It's not clear what motivated an Afghan sergeant to fatally shoot a U.S. Marine sergeant earlier this month. But American troops are increasingly wary of their Afghan partners after repeated shootings.
  • Civilians Flee, Soldiers Dig In On Sudanese Frontier
    Sudan and South Sudan are still threatening one another along their borders. The U.N. is warning both Sudans that they could face sanctions if they can't reverse their escalating feud.
  • The Politics Of Catholic Schools' Graduation Speakers
    The Catholic Archdiocese of Washington, D.C., is up in arms over Georgetown University's invitation to Health and Human Services Secretary Kathleen Sebelius to speak during commencement weekend. Church officials are upset about Sebelius' role in the creation of the contraception mandate in the federal health reform law. It's one of several controversies surrounding graduation speakers that have cropped up this spring.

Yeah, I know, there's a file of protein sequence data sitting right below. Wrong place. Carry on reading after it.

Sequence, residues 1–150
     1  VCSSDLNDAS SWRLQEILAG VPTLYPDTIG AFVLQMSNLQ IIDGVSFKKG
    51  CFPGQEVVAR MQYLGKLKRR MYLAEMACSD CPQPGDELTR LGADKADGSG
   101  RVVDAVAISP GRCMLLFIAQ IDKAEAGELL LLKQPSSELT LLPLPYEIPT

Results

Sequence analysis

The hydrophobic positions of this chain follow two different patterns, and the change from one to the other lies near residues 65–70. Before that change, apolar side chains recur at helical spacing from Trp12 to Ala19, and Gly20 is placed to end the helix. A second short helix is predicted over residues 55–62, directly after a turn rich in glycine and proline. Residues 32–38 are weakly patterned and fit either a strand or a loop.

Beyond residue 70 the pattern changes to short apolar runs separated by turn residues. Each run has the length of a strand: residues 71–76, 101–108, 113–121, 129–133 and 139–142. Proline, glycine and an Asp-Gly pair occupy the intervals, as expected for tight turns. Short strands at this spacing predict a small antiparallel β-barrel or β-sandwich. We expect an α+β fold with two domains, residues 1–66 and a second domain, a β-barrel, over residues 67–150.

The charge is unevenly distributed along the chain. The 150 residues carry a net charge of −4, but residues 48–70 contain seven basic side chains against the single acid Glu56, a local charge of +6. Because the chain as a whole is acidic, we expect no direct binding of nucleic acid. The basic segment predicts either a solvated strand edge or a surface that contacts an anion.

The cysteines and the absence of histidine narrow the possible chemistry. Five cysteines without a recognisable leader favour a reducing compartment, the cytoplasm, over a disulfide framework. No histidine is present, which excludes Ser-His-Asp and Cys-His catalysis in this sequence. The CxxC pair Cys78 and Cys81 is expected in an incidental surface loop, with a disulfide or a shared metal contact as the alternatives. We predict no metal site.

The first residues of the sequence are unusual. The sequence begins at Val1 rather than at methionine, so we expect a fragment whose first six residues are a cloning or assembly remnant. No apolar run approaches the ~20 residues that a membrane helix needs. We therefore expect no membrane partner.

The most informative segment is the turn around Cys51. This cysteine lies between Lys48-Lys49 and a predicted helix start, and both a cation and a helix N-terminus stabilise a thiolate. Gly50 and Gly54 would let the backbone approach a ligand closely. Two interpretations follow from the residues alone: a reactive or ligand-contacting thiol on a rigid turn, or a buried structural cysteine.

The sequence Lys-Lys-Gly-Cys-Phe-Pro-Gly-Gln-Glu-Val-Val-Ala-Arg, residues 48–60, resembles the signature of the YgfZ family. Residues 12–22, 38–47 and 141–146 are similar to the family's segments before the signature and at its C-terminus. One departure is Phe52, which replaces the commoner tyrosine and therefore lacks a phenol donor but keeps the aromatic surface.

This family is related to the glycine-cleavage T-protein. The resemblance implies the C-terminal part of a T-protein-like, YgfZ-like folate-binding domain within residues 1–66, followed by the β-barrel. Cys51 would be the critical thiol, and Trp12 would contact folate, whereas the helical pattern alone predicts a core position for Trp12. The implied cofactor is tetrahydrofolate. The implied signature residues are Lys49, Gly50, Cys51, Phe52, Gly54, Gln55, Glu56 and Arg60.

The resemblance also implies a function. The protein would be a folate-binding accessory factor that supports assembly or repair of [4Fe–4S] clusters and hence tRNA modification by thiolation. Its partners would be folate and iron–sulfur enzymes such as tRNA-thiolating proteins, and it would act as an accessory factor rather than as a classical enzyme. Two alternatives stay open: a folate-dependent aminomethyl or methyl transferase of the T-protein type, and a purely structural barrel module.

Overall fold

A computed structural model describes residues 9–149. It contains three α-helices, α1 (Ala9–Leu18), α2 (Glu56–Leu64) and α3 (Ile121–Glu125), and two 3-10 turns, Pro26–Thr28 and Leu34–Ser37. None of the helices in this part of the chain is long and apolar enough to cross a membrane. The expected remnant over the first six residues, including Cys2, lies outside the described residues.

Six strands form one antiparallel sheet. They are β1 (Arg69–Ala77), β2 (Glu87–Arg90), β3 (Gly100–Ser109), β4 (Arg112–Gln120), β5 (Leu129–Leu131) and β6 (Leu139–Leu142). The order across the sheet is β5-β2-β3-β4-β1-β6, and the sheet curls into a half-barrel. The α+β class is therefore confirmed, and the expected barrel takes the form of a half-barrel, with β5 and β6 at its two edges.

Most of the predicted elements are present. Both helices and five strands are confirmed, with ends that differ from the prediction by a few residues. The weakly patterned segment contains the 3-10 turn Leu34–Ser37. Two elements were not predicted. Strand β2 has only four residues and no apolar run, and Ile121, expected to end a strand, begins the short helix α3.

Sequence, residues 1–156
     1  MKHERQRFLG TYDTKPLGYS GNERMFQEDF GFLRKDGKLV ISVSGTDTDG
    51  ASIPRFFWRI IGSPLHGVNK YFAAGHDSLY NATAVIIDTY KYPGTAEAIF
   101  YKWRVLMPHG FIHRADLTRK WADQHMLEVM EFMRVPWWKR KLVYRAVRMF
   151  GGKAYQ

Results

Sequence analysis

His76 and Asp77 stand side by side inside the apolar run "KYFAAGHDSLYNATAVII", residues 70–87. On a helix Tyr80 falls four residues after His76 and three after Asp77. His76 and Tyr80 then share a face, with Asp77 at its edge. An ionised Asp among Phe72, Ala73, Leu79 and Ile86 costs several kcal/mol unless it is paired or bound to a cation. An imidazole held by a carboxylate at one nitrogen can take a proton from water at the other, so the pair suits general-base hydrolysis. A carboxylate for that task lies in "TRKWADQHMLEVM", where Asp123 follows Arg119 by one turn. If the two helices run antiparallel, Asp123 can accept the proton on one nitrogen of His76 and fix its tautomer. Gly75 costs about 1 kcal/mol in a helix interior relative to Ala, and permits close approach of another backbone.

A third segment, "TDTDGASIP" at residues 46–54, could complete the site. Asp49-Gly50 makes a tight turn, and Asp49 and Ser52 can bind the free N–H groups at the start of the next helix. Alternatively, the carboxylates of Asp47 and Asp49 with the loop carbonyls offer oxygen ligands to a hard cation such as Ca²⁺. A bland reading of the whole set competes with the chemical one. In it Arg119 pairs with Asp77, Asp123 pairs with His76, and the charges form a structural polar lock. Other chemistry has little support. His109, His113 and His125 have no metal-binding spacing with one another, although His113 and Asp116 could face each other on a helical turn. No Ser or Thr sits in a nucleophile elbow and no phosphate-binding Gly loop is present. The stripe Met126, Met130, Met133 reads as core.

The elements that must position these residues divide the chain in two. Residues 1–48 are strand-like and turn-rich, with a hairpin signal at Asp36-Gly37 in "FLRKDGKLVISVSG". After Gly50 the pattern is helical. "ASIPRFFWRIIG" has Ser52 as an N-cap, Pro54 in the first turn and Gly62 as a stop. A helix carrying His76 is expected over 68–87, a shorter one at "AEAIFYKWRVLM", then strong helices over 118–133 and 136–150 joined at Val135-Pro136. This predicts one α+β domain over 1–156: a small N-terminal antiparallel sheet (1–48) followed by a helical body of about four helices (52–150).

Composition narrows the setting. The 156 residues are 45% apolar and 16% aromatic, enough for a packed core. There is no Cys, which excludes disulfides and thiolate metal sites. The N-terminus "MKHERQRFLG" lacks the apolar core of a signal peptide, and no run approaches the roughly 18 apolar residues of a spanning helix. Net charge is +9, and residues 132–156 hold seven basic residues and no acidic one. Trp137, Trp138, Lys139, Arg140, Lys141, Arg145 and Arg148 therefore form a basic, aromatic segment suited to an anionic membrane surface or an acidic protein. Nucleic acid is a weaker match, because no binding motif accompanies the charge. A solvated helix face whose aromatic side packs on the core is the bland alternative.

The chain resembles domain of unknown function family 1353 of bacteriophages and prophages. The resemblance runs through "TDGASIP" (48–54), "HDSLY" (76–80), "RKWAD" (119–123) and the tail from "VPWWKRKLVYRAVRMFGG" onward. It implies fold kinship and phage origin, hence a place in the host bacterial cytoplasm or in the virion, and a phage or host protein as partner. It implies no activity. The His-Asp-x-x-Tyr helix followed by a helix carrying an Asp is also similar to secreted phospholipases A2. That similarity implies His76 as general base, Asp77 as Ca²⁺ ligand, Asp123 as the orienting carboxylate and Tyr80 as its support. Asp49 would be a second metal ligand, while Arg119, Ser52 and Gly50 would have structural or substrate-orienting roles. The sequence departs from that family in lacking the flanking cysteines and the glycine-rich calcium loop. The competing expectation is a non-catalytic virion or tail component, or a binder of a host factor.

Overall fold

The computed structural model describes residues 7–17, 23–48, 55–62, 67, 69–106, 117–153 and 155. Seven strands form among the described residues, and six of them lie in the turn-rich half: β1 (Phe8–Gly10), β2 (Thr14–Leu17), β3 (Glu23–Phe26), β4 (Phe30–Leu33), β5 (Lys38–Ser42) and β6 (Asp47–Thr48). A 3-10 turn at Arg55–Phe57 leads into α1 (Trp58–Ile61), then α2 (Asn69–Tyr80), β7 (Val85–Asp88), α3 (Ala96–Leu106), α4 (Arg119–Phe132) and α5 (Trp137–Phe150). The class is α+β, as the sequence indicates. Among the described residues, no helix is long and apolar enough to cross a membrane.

• Brain Implant Lets Quadriplegics Move Robotic Limbs
    A new study looks at how paralyzed people are able to move robotic arms with their thoughts, due to a microchip that is implanted in their brains that sends neural signals to a computer. Robert Siegel speaks with the lead author of the study, Dr. Leigh Hochberg, neurologist and engineer at Brown University and the VA Medical Center in Providence, R.I.
  • Ancient Deep-Sea Bacteria Are In No Hurry To Eat
    Back when the dinosaurs ruled the Earth, some hardy bacteria took up residence at the bottom of the Pacific Ocean. Eighty six million years later, they're still there. And a new study says they're living out the most Spartan lifestyle known on this planet.